Alienation or social instability caused by erosion of standards and values caused living in the modern world.
Going along with one's peers, individuals of a person's own status, who have no special right to direct that person's behavior.
The totality of learned, socially transmitted behavior.
Behavior that violates the standards of conduct or expectations of a group or society.
Sociological investigation that concentrates on large-scale phenomena or entire civilizations.
Surroundings, especially of a social or cultural nature.
Sociological investigation that stresses study of small groups and often uses laboratory experimental studies.
Established standards of behavior maintained by a society.
The ability to exercise one's will over others.
According to George Herbert Mead, the sum total of people's conscious perceptions of their own identity as distinct from others.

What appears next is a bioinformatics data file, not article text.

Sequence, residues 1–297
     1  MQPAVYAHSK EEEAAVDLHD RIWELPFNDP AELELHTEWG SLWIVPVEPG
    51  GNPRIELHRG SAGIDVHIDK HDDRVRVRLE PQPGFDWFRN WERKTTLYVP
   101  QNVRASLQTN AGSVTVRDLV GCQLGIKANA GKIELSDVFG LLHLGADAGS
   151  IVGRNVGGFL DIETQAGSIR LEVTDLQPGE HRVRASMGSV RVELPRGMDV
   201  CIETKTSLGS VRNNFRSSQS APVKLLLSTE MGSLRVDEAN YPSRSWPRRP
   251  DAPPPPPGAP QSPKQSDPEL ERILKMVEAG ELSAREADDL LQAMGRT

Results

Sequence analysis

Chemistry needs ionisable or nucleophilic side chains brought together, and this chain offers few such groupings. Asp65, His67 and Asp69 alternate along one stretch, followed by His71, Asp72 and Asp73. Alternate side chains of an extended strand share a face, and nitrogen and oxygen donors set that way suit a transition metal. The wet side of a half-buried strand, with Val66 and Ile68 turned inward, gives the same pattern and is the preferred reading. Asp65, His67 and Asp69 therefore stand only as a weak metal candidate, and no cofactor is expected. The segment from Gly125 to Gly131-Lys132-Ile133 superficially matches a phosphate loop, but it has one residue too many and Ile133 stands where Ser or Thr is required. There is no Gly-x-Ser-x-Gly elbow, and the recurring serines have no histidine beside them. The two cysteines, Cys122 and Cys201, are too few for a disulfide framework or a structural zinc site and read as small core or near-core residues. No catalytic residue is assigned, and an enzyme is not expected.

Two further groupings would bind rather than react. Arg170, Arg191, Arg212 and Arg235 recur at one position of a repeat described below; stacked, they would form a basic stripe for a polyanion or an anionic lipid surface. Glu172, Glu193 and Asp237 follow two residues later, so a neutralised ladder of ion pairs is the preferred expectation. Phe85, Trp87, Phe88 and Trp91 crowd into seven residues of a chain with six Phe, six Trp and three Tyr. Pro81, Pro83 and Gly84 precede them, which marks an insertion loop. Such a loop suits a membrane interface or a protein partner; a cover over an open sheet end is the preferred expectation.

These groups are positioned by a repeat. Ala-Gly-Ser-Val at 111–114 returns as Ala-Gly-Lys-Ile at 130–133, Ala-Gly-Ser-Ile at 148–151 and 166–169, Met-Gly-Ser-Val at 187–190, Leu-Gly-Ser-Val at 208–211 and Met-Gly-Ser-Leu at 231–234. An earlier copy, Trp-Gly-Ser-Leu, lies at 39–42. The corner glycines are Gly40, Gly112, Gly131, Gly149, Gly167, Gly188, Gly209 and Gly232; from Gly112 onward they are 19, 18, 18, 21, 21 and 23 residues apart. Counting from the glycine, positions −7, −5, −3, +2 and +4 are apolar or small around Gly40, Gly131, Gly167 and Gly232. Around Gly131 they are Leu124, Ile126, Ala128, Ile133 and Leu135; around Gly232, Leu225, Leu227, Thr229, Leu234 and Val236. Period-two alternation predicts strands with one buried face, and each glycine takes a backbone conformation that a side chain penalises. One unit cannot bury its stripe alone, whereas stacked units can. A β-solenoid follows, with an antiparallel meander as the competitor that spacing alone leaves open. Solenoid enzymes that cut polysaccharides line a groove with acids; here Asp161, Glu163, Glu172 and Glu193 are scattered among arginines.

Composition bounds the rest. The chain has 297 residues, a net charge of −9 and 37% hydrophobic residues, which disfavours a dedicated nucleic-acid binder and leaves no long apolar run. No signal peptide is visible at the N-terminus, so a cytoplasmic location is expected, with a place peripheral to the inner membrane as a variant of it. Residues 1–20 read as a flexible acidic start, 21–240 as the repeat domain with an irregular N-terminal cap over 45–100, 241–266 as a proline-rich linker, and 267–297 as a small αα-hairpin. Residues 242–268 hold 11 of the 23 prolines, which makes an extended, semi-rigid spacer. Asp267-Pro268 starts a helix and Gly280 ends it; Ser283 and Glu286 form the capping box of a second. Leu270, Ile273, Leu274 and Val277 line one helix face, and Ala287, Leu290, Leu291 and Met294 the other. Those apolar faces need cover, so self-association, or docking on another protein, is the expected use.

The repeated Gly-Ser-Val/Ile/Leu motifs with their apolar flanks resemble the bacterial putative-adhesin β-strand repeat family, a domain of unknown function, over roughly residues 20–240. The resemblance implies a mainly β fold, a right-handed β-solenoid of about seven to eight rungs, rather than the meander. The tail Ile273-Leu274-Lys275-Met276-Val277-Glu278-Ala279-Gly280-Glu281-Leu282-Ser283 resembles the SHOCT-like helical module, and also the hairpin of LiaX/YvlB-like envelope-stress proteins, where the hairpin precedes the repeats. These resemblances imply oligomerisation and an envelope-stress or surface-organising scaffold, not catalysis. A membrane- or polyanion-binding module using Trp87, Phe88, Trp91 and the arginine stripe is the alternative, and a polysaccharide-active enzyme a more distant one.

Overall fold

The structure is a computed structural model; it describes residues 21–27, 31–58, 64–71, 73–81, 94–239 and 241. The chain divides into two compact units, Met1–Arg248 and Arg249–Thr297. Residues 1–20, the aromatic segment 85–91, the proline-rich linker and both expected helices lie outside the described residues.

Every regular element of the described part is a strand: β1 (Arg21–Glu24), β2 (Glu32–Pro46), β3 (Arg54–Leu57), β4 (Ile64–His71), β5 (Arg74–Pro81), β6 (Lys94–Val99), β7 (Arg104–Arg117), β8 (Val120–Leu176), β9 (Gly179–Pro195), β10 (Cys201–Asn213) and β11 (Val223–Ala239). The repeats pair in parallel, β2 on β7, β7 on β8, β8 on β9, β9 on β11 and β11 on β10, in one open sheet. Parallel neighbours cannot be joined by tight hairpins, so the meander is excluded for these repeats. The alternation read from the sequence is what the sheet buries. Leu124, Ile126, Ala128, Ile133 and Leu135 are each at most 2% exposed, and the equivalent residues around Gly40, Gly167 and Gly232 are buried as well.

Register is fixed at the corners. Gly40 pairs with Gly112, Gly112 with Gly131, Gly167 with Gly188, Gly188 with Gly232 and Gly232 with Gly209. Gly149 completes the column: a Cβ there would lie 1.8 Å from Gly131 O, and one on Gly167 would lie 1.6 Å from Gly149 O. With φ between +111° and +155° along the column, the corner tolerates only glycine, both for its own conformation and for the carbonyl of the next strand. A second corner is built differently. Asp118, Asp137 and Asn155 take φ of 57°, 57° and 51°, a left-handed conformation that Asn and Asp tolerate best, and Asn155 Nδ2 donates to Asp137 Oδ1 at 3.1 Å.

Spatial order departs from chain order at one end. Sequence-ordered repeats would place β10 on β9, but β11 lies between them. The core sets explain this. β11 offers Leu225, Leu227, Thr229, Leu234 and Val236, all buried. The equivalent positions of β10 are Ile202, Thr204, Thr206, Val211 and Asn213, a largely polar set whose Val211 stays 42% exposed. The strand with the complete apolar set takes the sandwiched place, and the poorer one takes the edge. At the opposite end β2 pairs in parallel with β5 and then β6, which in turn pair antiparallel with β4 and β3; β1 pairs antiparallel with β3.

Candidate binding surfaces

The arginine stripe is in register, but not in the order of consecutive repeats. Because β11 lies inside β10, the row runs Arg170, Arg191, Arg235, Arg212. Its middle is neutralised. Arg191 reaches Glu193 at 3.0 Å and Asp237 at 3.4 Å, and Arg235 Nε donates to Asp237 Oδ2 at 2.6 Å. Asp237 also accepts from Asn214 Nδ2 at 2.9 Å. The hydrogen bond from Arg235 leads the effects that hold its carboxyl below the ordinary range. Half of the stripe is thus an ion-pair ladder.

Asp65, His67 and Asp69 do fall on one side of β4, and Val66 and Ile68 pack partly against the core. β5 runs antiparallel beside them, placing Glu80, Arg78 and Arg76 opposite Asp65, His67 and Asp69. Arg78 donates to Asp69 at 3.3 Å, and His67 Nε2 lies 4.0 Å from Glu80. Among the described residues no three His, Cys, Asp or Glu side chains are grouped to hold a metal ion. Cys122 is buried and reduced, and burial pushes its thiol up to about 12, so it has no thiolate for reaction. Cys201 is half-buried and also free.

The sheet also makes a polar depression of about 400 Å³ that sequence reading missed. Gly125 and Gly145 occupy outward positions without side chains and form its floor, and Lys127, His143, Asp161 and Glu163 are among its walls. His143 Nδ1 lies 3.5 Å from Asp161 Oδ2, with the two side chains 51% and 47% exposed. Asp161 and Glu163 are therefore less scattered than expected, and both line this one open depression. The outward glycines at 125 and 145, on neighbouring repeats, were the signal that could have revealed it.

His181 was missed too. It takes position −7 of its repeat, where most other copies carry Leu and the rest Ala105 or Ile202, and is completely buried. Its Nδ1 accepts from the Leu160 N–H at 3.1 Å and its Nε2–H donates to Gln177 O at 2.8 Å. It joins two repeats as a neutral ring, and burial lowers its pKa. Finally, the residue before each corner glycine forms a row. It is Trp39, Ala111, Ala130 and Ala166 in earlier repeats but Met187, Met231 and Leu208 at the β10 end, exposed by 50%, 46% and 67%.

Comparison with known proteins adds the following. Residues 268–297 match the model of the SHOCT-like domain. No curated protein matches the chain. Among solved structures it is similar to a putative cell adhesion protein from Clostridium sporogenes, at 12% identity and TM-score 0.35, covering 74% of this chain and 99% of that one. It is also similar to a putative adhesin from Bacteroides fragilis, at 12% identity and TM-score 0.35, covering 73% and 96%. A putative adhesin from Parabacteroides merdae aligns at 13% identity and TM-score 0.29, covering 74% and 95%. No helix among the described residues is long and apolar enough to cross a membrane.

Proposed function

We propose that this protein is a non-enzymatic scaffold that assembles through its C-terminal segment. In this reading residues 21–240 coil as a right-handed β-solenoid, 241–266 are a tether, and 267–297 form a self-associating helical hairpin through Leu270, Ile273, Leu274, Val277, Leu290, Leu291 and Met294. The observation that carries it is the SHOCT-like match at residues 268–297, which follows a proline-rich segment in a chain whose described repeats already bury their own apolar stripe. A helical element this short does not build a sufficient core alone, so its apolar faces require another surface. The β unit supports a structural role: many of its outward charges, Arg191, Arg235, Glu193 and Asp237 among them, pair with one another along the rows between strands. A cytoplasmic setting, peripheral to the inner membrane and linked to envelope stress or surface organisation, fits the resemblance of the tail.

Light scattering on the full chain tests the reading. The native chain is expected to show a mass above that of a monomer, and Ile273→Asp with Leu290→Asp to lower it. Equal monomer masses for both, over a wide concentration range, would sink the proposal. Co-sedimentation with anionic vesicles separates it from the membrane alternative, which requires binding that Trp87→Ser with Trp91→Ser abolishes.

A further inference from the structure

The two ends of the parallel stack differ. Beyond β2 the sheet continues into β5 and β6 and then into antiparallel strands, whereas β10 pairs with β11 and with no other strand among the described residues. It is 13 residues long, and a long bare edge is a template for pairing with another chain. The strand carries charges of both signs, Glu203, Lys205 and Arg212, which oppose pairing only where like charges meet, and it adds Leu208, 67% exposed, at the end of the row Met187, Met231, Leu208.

The tendency of people to respond to and act on the basis of stereotypes, leading to validation of false definitions.
A condition in which members of a society have different amounts of wealth, prestige, or power.
Organized patterns of beliefs and behavior centered on basic social needs.
The process whereby people learn the attitudes, values, and actions appropriate for individuals as members of a particular culture.
A set of expectations of people who occupy a given social position or status.
A fairly large number of people who live in the same territory, are relatively independent of people outside it, and participate in a common culture.
The set of mind that allows individuals to see the relationship between events in their personal lives, events in their society and global and historical events.
The systematic study of social behavior and human groups.
In sociology, a set of statements that seeks to explain problems, actions, or behavior.
Collective conceptions of what is considered good, desirable, and proper-or bad, undesirable, and improper-in a culture.
A measurable trait or characteristic that is subject to change under different conditions.